Good morning, readers! This is Sy.
Let's cut to the chase: The big news out of Washington on Monday was the Congressional Budget Office's (CBO) newly released analysis of the Senate's health care bill. Its conclusions were pretty dramatic.
The agency projects that 22 million more Americans would be uninsured under the Better Care Reconciliation Act (BCRA) by 2026 compared with current law (i.e., Obamacare). That includes a prediction of 15 million fewer insured by next year. Premiums would also rise substantially at first, and then take a massive dip after 2020. The reason? Significantly lower levels of assistance to people buying insurance and a shift toward benchmark plans which cover significantly less out-of-pocket medical costs. (In Obamacare, a benchmark plan comes with an actuarial value of 70%; a benchmark plan under the Senate's bill would have actuarial value of just 58%, essentially putting far more financial onus on patients.)
For a fuller read on the CBO's report, check out my breakdown from yesterday here. In the meantime, the political math has become far more demanding for Senate Majority Leader Mitch McConnell, with key GOP Senators saying they won't even vote yes on the motion to proceed on the bill, much less the legislation itself. The legislation could be changed and shift the political ground once more—but GOP leadership's ambitious goal of voting on a bill before the July 4th Congressional recess just became a lot harder to achieve.
Read on for the day's other news.
CloudHealth Technologies pulls in $46 million in latest funding round. CloudHealth Technologies, a firm focusing on the use of cloud platforms in health IT infrastructure, has raised $46 million in a Series D round led by Kleiner Perkins and joined by other existing investors. That brings the firm's funding haul up to $86 million and underscores the changing shape of health IT, which is increasingly relying on cloud-based solution for data storage and transfer.
Merck among companies wound up in global cyberattacks. In a series of tweets this morning, U.S. drug giant Merck said that the company's computer network "was compromised today as part of [a] global hack." The firm noted that other companies and organization had also been affected by cyberattacks on Tuesday. Other attacks have targeted airports, banks, and oil giants in Russia and Ukraine.
The FDA is trying to get more cheap generic drugs on the market. In a striking move, the Food and Drug Administration has published a list of off-patent drugs which have lost exclusivity and don't have any approved generic versions. Although the FDA can't dictate prices or reject therapies over pricing concerns (they can only focus on safety and efficacy), the agency can encourage more competition through moves like this (as well as speedier approval pathways) which could spur drug makers to produce products that ultimately lower costs for patients—a goal cited by FDA Commissioner Scott Gottlieb in announcing the list.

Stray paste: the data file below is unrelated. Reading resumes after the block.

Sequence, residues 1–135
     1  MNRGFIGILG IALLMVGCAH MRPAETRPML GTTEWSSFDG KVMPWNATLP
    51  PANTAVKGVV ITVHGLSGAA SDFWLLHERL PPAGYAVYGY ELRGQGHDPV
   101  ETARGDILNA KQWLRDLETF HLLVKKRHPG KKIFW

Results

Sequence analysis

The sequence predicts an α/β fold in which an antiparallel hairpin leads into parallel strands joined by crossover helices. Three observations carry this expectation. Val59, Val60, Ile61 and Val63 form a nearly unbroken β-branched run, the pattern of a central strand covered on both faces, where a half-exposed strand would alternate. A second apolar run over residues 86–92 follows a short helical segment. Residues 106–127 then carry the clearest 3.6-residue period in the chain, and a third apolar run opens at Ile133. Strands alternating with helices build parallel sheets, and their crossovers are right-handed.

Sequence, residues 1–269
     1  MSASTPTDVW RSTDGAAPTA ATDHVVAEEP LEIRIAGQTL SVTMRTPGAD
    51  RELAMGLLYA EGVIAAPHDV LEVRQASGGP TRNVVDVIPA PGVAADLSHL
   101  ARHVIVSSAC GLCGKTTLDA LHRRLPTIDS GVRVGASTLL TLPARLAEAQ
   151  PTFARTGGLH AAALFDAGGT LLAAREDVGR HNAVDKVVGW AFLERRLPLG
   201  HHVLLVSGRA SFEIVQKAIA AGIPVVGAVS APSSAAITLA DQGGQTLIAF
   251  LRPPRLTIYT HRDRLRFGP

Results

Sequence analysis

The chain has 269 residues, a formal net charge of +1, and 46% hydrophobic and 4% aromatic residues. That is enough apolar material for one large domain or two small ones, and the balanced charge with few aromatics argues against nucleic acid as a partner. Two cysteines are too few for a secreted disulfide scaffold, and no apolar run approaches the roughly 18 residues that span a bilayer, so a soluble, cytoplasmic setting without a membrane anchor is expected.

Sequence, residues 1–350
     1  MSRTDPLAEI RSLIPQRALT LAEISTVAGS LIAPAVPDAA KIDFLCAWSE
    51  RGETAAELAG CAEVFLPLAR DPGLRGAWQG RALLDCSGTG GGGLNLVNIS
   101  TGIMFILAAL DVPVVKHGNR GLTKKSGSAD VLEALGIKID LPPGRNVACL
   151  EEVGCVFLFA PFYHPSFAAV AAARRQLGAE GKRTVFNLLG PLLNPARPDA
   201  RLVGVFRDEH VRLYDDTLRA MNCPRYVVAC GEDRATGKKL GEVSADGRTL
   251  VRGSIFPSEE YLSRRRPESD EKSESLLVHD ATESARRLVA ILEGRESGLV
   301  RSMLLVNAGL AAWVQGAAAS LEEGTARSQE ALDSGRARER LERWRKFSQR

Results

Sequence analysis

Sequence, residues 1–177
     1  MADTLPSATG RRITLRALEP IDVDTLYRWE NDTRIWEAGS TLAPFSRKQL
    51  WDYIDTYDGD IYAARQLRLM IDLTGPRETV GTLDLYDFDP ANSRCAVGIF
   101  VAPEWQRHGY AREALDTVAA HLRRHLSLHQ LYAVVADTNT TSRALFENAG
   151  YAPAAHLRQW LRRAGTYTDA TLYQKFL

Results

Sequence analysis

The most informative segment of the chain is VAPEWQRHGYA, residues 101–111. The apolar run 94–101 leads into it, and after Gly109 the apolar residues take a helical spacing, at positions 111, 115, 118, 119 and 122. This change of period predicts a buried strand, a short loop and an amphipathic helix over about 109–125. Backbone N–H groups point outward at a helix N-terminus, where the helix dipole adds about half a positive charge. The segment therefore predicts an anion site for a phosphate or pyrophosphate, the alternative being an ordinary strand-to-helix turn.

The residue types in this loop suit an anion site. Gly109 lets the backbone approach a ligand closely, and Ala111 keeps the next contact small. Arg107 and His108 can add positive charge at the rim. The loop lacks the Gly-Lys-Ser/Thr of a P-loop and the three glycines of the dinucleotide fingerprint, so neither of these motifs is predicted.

Merck scores a surprise win for its long-doubted heart drug. In a surprising twist, Merck's anacetrapib, a heart disease drug, produced strong results in a large clinical trial of 30,000 patients, according to the company. That's striking because the treatment is part of a class called CETP medicines which haven't proven particularly successful in previous studies. Merck shares spiked briefly before some skepticism surrounding the data emerged from investors. The drug maker's stock is now flat.
Congressmen lose big on Australian biotech bet. Rep. Chris Collins (R-NY) is a board member for the Australian biotech Innate Pharmaceuticals and one of its biggest stakeholders. He believes in the company so much that he convinced several of his fellow Republicans—including HHS Secretary Tom Price—to put some serious money into the company. Now, that tip isn't looking so hot. After a clinical trial failure, shares of the biotech plunged to 4 cents per share on Tuesday. Price, at the very least, got out of his investment well before the plunge. (STAT News)
THE BIG PICTURE
Half of all opioids are given to mental health patients. Kaiser Health News reports that an enormous swath of the nation's opioid prescriptions are given to mental health patients. In fact, these Americans receive half of all opioid prescriptions. That's a huge problem given the country's ongoing opioid and prescription painkiller overdose epidemic. "Because patients with mental health disorders are a vulnerable population, [they’re] probably more likely to develop addiction and abuse," as researcher Dr. Brian Sites puts it.
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